American Masters – Norman Lear: Just Another Version of You
Premieres nationwide Tuesday, October 25 at 9:00 p.m. on PBS (check local listings)
As filmmakers that most often create observational documentaries about regular people unknown beyond their immediate communities, we looked at telling the story of the very public Norman Lear as a new challenge. After all, the man has spent over 60 years in the spotlight, recently travelled the country promoting his new autobiography and maintains legions of loyal fans who still watch his groundbreaking shows in re-runs. What could we bring to his admirers that they didn’t already know? And how could we explain to younger viewers the colossal impact of his work on today’s popular culture?
As we got to know Norman (who had no editorial control of the film), we found a deeply complicated and at times contradictory man. Despite his fame and fortune, he has little time for flattery but instead possesses a keen interest in his own flawed nature, and a penchant for what he calls “the foolishness of the human condition.” In making the film we experienced a nonagenarian of bottomless curiosity who regularly reaches out to the rising talents in theater, TV and film to learn more about their own approach to their craft. Emotional but not sentimental, he’s a man looking forward at all times, frequently uttering the phrase “over, next” when he deems that it’s time to move on. This worldview was as surprising as it was refreshing and inspired us to try our own unconventional take on the tried and true documentary biography genre.
During early conversations with him we noticed Lear’s frequent references to early childhood – and especially vivid recollections of himself at age nine, when his father Herman went to jail for a phony bond scheme and his mother Jeanette sold every stick of furniture and took his sister Claire to live with her in a faraway town. For reasons that are still unknown to him, Norman was left behind, shuttled for years between relatives in Connecticut and Brooklyn who had their own problems to deal with.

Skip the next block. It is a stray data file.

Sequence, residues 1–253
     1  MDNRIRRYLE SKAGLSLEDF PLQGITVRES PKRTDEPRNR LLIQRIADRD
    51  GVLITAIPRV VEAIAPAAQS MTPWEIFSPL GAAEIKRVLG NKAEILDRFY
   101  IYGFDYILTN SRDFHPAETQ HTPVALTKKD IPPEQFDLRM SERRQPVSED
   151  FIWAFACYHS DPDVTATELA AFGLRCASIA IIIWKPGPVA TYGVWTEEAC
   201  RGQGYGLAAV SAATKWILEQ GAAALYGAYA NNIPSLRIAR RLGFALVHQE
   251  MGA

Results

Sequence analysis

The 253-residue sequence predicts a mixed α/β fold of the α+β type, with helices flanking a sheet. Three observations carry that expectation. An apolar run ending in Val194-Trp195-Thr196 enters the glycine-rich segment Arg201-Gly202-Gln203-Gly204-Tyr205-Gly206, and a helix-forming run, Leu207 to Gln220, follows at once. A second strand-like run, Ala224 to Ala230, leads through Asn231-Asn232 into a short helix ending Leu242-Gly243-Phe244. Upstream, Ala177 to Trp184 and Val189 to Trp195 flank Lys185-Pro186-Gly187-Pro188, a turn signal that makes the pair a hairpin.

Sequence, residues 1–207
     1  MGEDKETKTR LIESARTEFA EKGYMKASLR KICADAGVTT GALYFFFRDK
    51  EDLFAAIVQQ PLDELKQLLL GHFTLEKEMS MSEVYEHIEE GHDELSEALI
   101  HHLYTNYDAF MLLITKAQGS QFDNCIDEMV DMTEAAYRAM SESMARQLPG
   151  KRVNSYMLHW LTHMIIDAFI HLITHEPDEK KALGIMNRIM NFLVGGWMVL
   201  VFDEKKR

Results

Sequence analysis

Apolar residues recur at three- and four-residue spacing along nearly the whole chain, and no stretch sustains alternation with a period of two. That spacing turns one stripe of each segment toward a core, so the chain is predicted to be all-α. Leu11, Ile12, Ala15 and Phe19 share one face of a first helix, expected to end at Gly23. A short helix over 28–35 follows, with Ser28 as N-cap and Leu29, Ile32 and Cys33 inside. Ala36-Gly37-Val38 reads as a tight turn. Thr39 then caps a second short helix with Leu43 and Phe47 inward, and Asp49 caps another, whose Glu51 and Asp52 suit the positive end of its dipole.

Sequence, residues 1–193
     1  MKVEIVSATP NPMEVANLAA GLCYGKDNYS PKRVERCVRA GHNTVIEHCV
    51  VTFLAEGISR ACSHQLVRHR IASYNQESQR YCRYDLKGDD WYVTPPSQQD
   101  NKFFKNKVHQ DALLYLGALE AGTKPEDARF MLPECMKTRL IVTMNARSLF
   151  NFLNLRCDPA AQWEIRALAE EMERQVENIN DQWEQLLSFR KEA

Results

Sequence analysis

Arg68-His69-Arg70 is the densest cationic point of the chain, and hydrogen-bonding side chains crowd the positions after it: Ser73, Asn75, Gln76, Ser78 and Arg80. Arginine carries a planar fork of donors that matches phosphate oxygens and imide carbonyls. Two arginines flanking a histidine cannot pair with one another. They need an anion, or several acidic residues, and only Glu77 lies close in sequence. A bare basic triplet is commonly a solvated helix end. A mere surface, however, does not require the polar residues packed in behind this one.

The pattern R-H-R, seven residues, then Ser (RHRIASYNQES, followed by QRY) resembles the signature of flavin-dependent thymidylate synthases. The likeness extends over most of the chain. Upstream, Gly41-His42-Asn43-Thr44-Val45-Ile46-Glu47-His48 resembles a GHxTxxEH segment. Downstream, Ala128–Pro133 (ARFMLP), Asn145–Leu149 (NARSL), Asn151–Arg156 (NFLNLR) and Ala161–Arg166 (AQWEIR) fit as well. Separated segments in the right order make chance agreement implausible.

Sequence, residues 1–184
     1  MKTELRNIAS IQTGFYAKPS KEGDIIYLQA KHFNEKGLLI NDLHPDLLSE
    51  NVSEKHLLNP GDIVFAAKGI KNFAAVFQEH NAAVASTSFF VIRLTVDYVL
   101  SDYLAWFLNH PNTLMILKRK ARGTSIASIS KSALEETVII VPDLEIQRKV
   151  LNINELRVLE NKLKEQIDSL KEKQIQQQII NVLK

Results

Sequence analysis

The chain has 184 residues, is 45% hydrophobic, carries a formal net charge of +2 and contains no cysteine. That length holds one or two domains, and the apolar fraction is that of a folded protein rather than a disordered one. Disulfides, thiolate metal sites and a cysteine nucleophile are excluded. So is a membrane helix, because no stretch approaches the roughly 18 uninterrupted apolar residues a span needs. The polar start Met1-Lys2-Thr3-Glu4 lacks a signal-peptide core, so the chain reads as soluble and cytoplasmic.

Left largely to his own devices, Lear experienced a boyhood that was a combination of deep loneliness and the exhilarating freedom to explore and observe the world around him through the harsh but liberating lens of reality. He would later bring that unvarnished eye to his own work.
Understanding Lear’s early life was crucial to a more intimate reading of his work as a creator, writer and producer of television and film. At times Archie Bunker is an obvious stand-in for his own small-minded and bigoted father. Divorce American Style (written by Lear) is partly an absurdist take on his parents’ own failed marriage. In fact everywhere you look in Lear’s work there are both direct and loose ties to the lessons he learned as a young boy out there on his own, struggling to make sense of societal paradoxes and the frailty – and ridiculousness – of human nature.
Lear’s own self-professed childlike view of the world led us to introduce a kind of Norman “alter ego” into the film. The nine year-old boy who appears now and again on the screen lives in what we call “The theater of Norman’s life,” and assists us in the retelling of crucial moments in Norman’s narrative. This element represents how much Lear’s childhood has stayed with him and is meant to express his ever-youthful outlook. And, why not? Even at 94, Norman Lear views himself as a mere work in progress. And like any other wide-eyed kid, he remains as surprised as the next guy at the miraculous twists and turns his life has taken on the way to this very moment.
— Heidi Ewing and Rachel Grady
A Note on the Music:
The song “16 Tons” is significant to Lear, who fondly remembers it in his autobiography Even This I Get to Experience. Having written for the Tennessee Ernie Ford variety show in the 1950s, Lear is fond of Ford’s 1955 rendition of the tune, which to us represents Lear’s challenging childhood and dogged pursuit of success. We asked R&B star Anthony Hamilton and hip-hop producer J. Period to re-imagine the song, which is heard during the closing credits.